The Technology Engine of the 21st Century
Sponsored by Millen, White, Zelano & Branigan, PC
During the 20th century scientists elucidated much of the fundamental basis for life, culminating, in a sense, with sequencing the human genome. We now have detailed knowledge of the inner workings of cells, tissues and organisms. Much as the development of synthetic chemistry fueled the development of the chemical industry, and the development of microchips fueled the computer industry, as a result of our knowledge of the fundamentals of living organisms and the recent development of methods for manipulating them, we are poised on the beginning of a new industrial revolution based on biology that will impact health, agriculture, chemical production, carbon capture and energy. We will use the foundations of biology to engineer cells to perform useful functions, much as one would program a computer. We will, for example, design cells to act as factories for therapeutics and to cleanly generate a range of chemicals. The social and political ramifications of this disruptive technology are vast, and engineering biology with be the defining technology and pose many central challenges of the 21st century. This lecture will present the technologies and discuss their implications.
Pamela Silver is Professor of Systems Biology at the Harvard Medical School and The Wyss Institute for Biologically Inspired Engineering at Harvard University. She co-directs the Harvard undergraduate team for the International Genetically Engineered Machines Competition (iGEM), a program that she initiated. She was a founder of Harvard Medical Schools' Department of Systems Biology, served as the first Director of Harvard University's Doctoral Program in Systems Biology, and was one of the first members of the Harvard University Wyss Institute for Biologically Inspired Engineering. Previously, Pamela was Professor of Biological Chemistry and Molecular Pharmacology at the Dana Farber Cancer Institute and Harvard Medical School. Before coming to Harvard, Pamela was Assistant Professor of Molecular Biology at Princeton University.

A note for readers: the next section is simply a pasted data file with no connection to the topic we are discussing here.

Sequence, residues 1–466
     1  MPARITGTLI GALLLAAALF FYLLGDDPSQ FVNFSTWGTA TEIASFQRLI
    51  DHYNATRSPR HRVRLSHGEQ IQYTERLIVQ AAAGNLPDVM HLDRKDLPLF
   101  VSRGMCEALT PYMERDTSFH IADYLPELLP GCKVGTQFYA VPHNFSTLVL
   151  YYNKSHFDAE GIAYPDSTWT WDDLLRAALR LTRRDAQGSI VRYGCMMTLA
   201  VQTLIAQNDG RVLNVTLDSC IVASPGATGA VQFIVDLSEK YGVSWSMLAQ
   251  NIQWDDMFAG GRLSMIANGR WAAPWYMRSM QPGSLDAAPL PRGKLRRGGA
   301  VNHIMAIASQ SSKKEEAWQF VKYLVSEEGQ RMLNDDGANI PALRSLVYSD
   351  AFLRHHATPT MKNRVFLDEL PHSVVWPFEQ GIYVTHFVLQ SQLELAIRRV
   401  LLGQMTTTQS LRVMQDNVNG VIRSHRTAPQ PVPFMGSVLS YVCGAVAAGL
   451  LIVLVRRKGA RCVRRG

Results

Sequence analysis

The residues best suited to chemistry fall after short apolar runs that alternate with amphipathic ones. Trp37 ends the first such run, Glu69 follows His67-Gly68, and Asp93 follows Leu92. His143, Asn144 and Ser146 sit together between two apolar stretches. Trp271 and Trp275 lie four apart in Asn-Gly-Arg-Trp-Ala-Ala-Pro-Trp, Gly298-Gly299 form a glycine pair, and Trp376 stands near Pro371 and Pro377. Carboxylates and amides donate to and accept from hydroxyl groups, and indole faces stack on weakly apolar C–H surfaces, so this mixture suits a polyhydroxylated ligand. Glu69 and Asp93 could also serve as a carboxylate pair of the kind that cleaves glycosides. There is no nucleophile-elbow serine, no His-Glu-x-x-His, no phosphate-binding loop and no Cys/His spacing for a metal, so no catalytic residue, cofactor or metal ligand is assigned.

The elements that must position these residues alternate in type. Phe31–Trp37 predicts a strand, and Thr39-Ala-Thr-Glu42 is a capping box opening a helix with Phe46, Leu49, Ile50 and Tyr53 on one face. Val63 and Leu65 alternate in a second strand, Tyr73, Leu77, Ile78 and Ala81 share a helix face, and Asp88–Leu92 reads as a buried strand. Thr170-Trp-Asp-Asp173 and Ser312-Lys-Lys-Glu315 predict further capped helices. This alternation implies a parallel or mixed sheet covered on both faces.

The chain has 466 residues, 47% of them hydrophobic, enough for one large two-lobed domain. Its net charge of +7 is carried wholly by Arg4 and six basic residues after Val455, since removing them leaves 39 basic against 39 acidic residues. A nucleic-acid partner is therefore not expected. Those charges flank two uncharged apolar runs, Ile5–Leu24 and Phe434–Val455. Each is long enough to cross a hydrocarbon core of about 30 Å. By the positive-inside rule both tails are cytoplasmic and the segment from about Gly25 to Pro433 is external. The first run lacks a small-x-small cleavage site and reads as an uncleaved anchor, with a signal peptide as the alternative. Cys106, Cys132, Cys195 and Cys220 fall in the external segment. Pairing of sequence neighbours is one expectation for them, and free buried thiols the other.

Pamela discovered the first nuclear localization sequence (NLS)and in subsequent studies elucidated many of the mechanisms of nuclear localization. She characterized the receptor for NLSs, discovered the first eukaryotic DnaJ chaperone, and carried out early genome wide studies of protein interactions within the nucleus. In addition, she and Bill Sellers discovered molecules that block nuclear export and formed Karyopharm Therapeutics to develop their therapeutic potential. Pamela was among the first scientists to use GFP-tagged proteins to study protein-specific processes in living cells. Her current projects relate to reprogramming eukaryotic cells, novel therapeutic design strategies, and bioengineering approaches to harnessing energy from sunlight and for capturing carbon to prevent its release to the atmosphere.
She has served on numerous government and private advisory panels including the NAS/NRC Study on Network Science, the OSD/NA Biodefense Workshop, the Jane Coffin Childs Memorial Fund, the Novartis Oncology Program, the Swiss National Science Foundation, the Paul Glenn Institute for Aging Research, Exxon Mobile Research, the Council of the American Society for Cell Biology, the Committee for Women in Cell Biology and she has presented to several members of Congress. She also has served on numerous editorial boards, and was the Editor of Molecular Biology of the Cell.
Pamela has received many awards and honors. To name a few, she was appointed Adams Professor of Biochemistry and Systems Biology at Harvard Medical School in 2012, received a NSF Presidential Young Investigator Award, an NIH MERIT award and an Innovation Award from BIO, was named a Basil O’Connor Research Scholar of the March of Dimes and an Established Investigator of the American Heart Association, was named a Radcliff Fellow, delivered an NIH Directors' Lecture, and been named one of the Top 20 Global Synthetic Biology Influencers.
Pamela earned her BS in Chemistry and PhD in Biochemistry from the University of California. She was a Postdoctoral Fellow at Harvard University as a Fellow of the American Cancer Society and of The Medical Foundation.
She is an avid runner and sailor.
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